As our prior cases show, a persuasive consideration in determining whether such obligations shall bear interest is the relative equities between the beneficiaries of the obligation and those upon whom it has been imposed. And this Court has generally weighed these relative equities in accordance with the historic judicial principle that one for whose financial advantage an obligation was assumed or imposed, and who has suffered actual money damages by another's breach of that obligation, should be fairly compensated for the loss thereby sustained.
332 U.S. 371, 373-74, 68 S.Ct. 5, 92 L.Ed. 3 (1947) (emphasis added); see also Reul, 959 F.2d at 1577-79 (stating that “the Court of International Trade in exercising its equitable powers may in its sound discretion award prejudgment interest” and declining the appellant's “invitation to rebalance the equities”). In West Virginia, however, the Supreme Court stated: “The District Court held that whether interest had to be paid depended on a balancing of equities between the parties; the Court of Appeals rejected such an approach, as do we.” 479 U.S. at 311 n. 3, 107 S.Ct. 702. Instead, the Supreme Court reasoned that “[p]rejudgment interest is an element of complete compensation” and, therefore, would further the congressional intent underlying the statute in question in that case. Id. at 310-11, 107 S.Ct. 702. We need not resolve any tension among these cases, however, because the result would be the same on the facts of this case.
Here, the trial court found the government's conduct to be “appalling” but determined that the government's acts, though appalling, did not outweigh its right to the “interest it could have earned had it received these APF payments in the ordinary course of business.” Summary judgment order, 217 F.Supp.2d at 1368. Thus, the trial court appropriately focused on the principle of full compensation.
Princess argues that the full compensation rationale for awarding prejudgment interest “is not relevant to this case, of course, since the Government already has possession of the contested amount.” Princess's argument is unpersuasive, for even if a party receives payment some time before judgment, the party has still lost the interest it could have earned during the time from when the payment was originally due to when it was received. As stated by the trial court, “Customs is correct in stating that it ‘lost’ the interest it could have earned had it received these APF payments in the ordinary course of business.” Id.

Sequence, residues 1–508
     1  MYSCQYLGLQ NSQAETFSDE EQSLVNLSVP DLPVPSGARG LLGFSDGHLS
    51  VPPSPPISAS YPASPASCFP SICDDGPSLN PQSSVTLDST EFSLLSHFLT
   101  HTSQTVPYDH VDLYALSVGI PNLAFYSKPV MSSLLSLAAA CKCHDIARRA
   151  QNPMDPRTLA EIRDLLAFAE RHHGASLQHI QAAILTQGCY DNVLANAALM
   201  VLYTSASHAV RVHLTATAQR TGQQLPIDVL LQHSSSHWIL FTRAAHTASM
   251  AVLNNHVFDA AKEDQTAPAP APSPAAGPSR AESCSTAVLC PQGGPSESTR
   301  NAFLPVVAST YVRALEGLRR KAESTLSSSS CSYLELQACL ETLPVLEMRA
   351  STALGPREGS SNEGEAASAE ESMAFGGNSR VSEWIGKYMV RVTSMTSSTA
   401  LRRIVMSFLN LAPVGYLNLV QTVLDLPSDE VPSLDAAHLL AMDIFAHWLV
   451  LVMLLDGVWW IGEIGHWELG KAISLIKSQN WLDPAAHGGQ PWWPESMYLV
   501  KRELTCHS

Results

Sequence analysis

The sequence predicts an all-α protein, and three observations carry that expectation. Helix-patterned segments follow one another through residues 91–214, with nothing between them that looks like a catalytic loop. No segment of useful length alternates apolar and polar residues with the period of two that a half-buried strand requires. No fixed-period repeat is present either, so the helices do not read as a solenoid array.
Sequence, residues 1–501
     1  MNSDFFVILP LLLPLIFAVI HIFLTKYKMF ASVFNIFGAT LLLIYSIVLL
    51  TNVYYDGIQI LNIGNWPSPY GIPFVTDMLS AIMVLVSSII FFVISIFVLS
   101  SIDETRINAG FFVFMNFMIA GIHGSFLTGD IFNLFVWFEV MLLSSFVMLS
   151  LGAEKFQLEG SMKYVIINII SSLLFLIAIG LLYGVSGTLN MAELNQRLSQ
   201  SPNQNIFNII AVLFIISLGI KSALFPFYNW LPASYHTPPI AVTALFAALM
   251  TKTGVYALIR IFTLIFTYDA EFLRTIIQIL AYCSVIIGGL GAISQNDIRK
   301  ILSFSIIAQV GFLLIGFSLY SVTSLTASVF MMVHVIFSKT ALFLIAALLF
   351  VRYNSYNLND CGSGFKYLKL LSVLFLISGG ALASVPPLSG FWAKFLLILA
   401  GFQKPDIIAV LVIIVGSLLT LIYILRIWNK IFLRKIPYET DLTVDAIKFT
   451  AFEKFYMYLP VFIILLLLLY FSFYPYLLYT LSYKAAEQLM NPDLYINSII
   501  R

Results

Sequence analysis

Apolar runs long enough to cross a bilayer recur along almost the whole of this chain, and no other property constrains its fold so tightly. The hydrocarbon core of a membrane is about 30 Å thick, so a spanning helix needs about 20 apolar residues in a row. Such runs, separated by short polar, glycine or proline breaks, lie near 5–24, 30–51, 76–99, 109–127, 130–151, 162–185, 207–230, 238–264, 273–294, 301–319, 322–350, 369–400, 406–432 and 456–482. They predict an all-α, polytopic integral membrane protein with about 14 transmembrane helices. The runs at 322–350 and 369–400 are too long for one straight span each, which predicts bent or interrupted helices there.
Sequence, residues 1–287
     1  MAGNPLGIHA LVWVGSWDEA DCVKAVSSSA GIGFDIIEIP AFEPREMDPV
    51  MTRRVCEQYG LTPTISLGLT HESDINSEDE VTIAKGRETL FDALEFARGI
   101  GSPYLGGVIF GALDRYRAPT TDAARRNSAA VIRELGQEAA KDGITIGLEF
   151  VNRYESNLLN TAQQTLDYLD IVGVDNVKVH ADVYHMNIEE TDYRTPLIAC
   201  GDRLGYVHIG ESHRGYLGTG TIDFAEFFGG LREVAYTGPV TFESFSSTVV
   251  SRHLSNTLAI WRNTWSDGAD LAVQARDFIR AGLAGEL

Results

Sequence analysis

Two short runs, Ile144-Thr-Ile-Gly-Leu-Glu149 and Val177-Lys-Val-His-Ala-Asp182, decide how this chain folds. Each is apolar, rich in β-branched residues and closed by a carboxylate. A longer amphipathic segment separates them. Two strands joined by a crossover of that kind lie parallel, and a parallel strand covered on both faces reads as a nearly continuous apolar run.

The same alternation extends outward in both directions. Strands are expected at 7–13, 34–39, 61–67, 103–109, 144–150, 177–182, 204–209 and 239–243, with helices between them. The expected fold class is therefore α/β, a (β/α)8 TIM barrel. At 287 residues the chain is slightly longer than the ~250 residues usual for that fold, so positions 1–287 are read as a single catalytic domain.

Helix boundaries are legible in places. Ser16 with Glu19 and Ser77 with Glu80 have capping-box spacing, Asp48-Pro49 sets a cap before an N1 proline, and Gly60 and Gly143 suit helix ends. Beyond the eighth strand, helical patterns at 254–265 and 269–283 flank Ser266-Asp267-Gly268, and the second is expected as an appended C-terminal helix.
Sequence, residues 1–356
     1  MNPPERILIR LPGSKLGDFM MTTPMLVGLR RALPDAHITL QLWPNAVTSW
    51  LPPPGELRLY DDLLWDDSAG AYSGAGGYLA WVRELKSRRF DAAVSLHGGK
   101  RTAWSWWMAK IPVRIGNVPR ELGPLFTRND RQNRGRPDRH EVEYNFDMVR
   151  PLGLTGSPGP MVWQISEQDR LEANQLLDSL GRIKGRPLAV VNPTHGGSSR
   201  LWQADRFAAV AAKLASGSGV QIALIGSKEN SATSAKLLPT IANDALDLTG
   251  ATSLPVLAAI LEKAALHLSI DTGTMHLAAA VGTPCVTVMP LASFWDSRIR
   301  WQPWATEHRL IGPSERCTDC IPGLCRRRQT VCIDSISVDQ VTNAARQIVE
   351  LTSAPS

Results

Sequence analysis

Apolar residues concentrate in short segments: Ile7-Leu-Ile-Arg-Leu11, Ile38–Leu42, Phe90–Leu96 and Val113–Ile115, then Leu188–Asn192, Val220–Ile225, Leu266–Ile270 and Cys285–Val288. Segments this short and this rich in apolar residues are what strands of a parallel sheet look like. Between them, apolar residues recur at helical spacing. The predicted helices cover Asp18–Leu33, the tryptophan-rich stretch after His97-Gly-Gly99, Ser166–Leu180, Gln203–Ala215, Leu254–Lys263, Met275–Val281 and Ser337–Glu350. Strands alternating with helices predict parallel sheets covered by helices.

Accordingly, we hold that the trial court's award of prejudgment interest properly accounted for the principle of complete compensation and, therefore, that no clear error of judgment occurred.
Princess further contends that the trial court's award of prejudgment interest was inappropriate because the government has unclean hands. The doctrine of unclean hands “is a self-imposed ordinance that closes the doors of a court of equity to one tainted with inequitableness or bad faith relative to the matter in which he seeks relief, however improper may have been the behavior of the defendant.” Precision Instrument Mfg. Co. v. Auto. Maint. Mach. Co., 324 U.S. 806, 814, 65 S.Ct. 993, 89 L.Ed. 1381 (1945). The trial court has broad discretion under the doctrine of unclean hands. Id. at 815, 65 S.Ct. 993 (“This maxim necessarily gives wide range to the equity court's use of discretion in refusing to aid the unclean litigant. It is not bound by formula or restrained by any limitation that tends to trammel the free and just exercise of discretion.” (internal quotation omitted)).
Princess has not shown that the trial court abused its broad discretion in declining to invoke the doctrine of unclean hands. Indeed, Princess has failed to adduce evidence even sufficient to invoke, let alone compel the application of, the doctrine of unclean hands. Princess questions Customs' “competence” and “willingness to address basic calculation errors and discrepancies” in its briefing, but Princess has not provided evidence of “inequitableness or bad faith” as required to invoke the doctrine of unclean hands. See id. at 814, 65 S.Ct. 993.